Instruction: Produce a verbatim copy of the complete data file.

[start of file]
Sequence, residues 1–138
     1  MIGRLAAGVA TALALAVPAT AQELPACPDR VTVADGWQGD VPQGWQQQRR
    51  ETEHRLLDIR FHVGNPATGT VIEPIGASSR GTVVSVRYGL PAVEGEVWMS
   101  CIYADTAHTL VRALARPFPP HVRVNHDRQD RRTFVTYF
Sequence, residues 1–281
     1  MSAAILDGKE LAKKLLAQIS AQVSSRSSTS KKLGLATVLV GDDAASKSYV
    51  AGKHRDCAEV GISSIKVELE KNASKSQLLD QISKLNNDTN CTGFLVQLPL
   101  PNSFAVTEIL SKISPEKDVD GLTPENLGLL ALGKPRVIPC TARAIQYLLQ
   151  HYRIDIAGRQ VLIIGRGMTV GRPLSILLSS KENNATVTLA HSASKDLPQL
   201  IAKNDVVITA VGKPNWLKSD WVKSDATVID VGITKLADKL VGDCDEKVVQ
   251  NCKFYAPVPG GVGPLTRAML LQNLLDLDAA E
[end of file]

Sequence, residues 1–138
     1  MIGRLAAGVA TALALAVPAT AQELPACPDR VTVADGWQGD VPQGWQQQRR
    51  ETEHRLLDIR FHVGNPATGT VIEPIGASSR GTVVSVRYGL PAVEGEVWMS
   101  CIYADTAHTL VRALARPFPP HVRVNHDRQD RRTFVTYF
Sequence, residues 1–281
     1  MSAAILDGKE LAKKLLAQIS AQVSSRSSTS KKLGLATVLV GDDAASKSYV
    51  AGKHRDCAEV GISSIKVELE KNASKSQLLD QISKLNNDTN CTGFLVQLPL
   101  PNSFAVTEIL SKISPEKDVD GLTPENLGLL ALGKPRVIPC TARAIQYLLQ
   151  HYRIDIAGRQ VLIIGRGMTV GRPLSILLSS KENNATVTLA HSASKDLPQL
   201  IAKNDVVITA VGKPNWLKSD WVKSDATVID VGITKLADKL VGDCDEKVVQ
   251  NCKFYAPVPG GVGPLTRAML LQNLLDLDAA E